This week during Math we have been taking a look at the variety of multiplication strategies that we have learned so far, and we have introduced division with remainders. We read the book "A Remainder of One" buy Elinor J. Pinczes that illustrates the fact that a little soldier bug is always left out when his squadron of 25 makes formations of 2, 3 and 4 lines, until finally he comes to the realization that making 5 rows of 5 is the perfect formation that makes the organized and tidy queen really happy. The students created the different formations with 25 tiles before I could reveal that there was always a remainder of one, so it was a fantastic introduction of the concept of division with remainders. On the days after we worked on division problems with remainders and what to do with those remainders, as sometimes they could be split even further if we were talking about dollar amounts, slices of pizza, and other times we needed to provide extra containers for those remainders, like extra cars for children going to a swimming competition, or extra pages for trading cards.
During Reading Workshops to conclude the lessons learned about informational reading, the students are completing a book report on one informational book of their choice, that the will also have to either present to the whole class in person, or create a video of that presentation just for me if presenting in front of the class sounds intimidating to them. The written book report covers questions about the different characteristics of informational text.
During Writing Workshop I've had a chance to finalize a first full round of student/teacher interviews to help with the edition of my students' informational pieces that are coming along very nicely. Students have also worked on adding an introduction and editing punctuation and spelling.
And during Social Studies, students have worked on finalizing their physical and political maps of America that will be soon ready for display.
Finally on Thursday we went to collaborate and mentor Kindergarteners in Sra. Ibañez's class to help them create chains with patterns of two color beads to count by twos and fives. Not surprisingly, this collaboration is becoming a favorite for both grades. Mrs. Gallagher paid us a visit and was really impressed with the quality of mentorship of my students.
Take a look at this week's slideshow.
This week during Math, the students have been working with multiplication story problems, using all the strategies that we have learned and practiced already: ratio tables, arrays, and using base ten sets. The students have also started using coin values as another strategy to aide multiplication, counting in dimes or quarters can be a helpful visual aide to use friendly numbers. The students have also participating in some math games as a class or in small groups.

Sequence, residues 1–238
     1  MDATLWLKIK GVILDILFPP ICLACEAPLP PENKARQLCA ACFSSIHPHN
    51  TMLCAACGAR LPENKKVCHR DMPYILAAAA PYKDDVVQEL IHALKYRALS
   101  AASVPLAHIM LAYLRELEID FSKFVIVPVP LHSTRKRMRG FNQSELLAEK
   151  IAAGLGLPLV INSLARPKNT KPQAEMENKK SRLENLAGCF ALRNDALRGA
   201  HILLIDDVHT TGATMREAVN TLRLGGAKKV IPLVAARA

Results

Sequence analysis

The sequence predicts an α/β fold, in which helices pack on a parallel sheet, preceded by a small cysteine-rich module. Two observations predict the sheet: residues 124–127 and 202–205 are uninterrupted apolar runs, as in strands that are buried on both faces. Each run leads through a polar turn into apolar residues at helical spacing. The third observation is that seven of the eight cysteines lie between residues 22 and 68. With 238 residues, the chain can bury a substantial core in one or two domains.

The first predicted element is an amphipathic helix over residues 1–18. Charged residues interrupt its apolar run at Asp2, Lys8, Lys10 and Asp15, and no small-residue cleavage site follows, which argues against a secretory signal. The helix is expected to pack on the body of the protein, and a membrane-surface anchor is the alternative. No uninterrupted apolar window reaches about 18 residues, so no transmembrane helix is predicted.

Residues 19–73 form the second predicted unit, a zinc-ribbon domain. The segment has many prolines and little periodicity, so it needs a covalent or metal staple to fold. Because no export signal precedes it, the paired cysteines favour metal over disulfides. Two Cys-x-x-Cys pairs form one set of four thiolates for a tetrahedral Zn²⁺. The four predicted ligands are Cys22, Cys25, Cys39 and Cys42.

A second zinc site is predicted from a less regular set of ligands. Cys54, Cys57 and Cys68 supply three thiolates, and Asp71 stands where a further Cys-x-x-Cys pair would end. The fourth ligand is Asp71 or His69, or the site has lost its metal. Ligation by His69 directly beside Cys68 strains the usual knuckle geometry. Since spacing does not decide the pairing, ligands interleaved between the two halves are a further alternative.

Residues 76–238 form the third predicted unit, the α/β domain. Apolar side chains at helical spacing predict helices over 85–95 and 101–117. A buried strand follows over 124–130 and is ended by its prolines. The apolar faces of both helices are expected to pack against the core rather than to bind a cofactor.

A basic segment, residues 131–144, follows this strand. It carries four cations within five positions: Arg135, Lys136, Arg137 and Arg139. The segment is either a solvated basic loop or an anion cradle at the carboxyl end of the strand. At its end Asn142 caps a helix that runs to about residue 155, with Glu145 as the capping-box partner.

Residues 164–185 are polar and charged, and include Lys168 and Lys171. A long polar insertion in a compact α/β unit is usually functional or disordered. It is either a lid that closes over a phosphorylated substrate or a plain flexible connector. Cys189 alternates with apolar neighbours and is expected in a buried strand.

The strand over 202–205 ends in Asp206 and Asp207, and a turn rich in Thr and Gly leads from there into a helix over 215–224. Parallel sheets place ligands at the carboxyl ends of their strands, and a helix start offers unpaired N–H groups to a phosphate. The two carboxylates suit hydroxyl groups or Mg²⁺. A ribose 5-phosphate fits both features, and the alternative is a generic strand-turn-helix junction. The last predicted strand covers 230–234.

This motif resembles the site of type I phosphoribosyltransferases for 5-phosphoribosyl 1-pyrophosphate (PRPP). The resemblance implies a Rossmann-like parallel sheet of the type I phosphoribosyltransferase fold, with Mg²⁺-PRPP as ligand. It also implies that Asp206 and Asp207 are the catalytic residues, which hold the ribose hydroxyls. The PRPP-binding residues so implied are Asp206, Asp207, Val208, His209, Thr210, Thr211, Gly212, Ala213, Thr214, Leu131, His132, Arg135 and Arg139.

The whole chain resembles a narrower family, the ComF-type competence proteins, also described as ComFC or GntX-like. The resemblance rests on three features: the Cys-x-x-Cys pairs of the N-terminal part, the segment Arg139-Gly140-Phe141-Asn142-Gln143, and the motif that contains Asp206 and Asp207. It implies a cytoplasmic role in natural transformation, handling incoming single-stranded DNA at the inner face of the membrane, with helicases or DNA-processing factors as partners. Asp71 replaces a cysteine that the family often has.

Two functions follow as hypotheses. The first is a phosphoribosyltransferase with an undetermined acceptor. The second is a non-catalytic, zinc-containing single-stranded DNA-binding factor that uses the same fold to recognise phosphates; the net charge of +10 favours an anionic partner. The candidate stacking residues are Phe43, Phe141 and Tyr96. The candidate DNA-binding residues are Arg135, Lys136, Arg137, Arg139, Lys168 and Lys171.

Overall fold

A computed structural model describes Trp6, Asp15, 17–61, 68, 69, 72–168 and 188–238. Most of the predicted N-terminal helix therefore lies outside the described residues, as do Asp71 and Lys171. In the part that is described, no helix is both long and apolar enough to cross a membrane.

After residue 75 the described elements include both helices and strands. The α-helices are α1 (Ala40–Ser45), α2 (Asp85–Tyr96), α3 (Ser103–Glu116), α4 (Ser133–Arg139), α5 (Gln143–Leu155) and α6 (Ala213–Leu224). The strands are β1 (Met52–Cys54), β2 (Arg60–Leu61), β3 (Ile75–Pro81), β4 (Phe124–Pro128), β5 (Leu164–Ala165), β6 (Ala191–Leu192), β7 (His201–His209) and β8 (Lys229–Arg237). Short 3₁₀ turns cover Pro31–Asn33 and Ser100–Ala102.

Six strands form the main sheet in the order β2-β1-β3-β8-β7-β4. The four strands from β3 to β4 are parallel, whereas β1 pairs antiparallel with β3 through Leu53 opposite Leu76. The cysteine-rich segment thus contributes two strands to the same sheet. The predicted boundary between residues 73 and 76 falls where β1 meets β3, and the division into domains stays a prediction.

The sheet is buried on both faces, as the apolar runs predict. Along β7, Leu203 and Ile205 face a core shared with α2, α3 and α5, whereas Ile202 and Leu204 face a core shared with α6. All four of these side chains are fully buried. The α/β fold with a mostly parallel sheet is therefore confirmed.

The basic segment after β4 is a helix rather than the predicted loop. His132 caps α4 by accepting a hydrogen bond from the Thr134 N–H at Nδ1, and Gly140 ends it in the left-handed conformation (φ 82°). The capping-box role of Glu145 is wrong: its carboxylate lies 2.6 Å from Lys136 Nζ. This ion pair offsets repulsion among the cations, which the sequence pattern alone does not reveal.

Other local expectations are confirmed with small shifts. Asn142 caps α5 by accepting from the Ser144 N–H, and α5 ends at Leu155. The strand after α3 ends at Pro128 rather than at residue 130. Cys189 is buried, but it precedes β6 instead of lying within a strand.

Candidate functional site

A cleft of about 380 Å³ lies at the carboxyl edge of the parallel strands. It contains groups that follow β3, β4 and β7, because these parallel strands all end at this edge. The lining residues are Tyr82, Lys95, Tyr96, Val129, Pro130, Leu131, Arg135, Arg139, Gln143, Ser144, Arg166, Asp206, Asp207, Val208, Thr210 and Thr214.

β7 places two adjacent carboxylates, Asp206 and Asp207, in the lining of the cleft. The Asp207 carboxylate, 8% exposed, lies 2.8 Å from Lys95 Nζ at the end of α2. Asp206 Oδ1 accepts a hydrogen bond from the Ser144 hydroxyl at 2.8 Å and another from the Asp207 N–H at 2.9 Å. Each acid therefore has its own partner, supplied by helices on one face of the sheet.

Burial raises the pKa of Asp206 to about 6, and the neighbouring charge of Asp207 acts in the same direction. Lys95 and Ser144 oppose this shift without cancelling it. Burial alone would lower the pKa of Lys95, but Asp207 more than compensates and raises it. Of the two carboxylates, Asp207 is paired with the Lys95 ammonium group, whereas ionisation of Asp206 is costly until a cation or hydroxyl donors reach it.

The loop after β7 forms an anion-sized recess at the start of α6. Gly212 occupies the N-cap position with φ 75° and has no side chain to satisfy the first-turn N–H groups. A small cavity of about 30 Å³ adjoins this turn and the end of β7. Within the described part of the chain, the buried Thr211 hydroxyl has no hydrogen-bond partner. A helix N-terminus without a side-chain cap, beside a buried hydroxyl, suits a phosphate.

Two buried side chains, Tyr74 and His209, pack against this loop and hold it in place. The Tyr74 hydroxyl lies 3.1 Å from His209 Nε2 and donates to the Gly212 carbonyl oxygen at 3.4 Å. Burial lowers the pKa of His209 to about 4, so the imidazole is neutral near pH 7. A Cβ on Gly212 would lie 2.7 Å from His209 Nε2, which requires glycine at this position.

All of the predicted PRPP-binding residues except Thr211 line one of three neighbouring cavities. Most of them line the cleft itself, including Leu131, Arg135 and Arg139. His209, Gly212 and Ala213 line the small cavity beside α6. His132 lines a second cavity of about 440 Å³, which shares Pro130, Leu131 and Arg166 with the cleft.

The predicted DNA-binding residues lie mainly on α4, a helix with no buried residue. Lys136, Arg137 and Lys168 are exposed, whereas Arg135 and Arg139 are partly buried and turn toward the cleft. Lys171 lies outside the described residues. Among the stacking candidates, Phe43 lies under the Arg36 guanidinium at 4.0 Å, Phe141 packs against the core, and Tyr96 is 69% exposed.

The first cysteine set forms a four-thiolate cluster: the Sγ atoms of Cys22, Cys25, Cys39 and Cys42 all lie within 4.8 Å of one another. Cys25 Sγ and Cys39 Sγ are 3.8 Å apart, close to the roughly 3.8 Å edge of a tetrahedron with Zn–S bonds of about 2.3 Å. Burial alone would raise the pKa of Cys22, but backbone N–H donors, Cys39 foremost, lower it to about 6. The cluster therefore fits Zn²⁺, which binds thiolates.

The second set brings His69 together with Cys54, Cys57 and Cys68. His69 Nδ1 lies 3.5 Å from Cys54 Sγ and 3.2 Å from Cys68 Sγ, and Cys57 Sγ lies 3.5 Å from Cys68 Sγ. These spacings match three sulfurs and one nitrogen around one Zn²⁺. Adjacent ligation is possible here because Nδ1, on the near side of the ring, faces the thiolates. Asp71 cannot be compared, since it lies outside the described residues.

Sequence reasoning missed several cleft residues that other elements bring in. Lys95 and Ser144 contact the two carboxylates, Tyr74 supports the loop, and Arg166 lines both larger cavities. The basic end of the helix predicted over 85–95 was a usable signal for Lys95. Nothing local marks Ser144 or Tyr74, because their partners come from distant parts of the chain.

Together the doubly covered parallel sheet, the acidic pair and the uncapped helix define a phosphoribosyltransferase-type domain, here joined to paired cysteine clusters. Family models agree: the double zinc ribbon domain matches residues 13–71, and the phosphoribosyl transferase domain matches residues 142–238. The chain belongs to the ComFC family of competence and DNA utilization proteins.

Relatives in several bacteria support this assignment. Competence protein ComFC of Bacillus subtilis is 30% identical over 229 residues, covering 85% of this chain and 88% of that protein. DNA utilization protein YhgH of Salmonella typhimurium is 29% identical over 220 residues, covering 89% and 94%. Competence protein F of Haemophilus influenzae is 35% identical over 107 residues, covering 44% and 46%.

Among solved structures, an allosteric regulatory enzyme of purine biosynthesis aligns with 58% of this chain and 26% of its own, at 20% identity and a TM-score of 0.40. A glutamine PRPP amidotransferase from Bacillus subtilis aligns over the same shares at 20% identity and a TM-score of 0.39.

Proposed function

During our Reading Workshop, the students have been learning how authors use specific vocabulary related to the topic of their informational books, and how they give definitions either inside of the text, or in the glossary. Students have also learned about finding the main idea and details of a section, and how the authors fluently move from one subtopic to the next, frequently introducing the next subtopic at the end of each section so that the readers have a cohesive understanding of the topic at hand. The students have been practicing close reading to have a deeper understanding of the process of reading and writing informational pieces.
Next, the students have been applying similar lessons to their writing pieces, and I have been able to start one on one meetings with my students to respond to their writing questions and to start the editing process. I am looking forward to publish their pieces, although we still have some work to do. I will keep you posted.
During Science, the students have been working on a final project to reflect the lessons learned on muscles and skeleton, vision and the nervous system, and explore these topics on a new animal.
And to give you a couple of highlights that show the good heartedness of my students, your children, I just wanted to mention how proud I am of working with students that rise up to the occasion to mentor kindergarteners, that make their job to make a new student who doesn't speak English to feel welcome and to have friends to play with. They are such great kids! I don't have many pictures for this week, but here are a few.
Have a great weekend!
Just take a look at these fantastic teachers! Students worked with kindergarteners in Sra. Ibañez's class today on composing and decomposing numbers. The patience, dedication, preparation and care that they have shown is fantastic. The kindergarteners were completely engaged with the activities and listened to their personal tutor ask them questions in Spanish. What a beautiful collaboration and a great opportunity for my students to see things from the point of view of a teacher. Sra. Ibañez, Sra. Camara, Elba and I were delighted to see the amazing work they were doing. Enjoy the slideshow and have a great Thanksgiving break!
Hello! My name is Esther Willinski, and I am a fourth grade teacher in Massachusetts. Join us in our journey through 4th grade!